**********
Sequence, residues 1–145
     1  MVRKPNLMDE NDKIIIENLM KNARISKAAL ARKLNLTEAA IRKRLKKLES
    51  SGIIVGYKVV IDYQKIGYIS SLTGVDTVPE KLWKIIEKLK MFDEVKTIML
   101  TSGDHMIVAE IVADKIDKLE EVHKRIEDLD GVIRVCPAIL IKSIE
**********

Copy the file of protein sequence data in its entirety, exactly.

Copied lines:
Sequence, residues 1–145
     1  MVRKPNLMDE NDKIIIENLM KNARISKAAL ARKLNLTEAA IRKRLKKLES
    51  SGIIVGYKVV IDYQKIGYIS SLTGVDTVPE KLWKIIEKLK MFDEVKTIML
   101  TSGDHMIVAE IVADKIDKLE EVHKRIEDLD GVIRVCPAIL IKSIE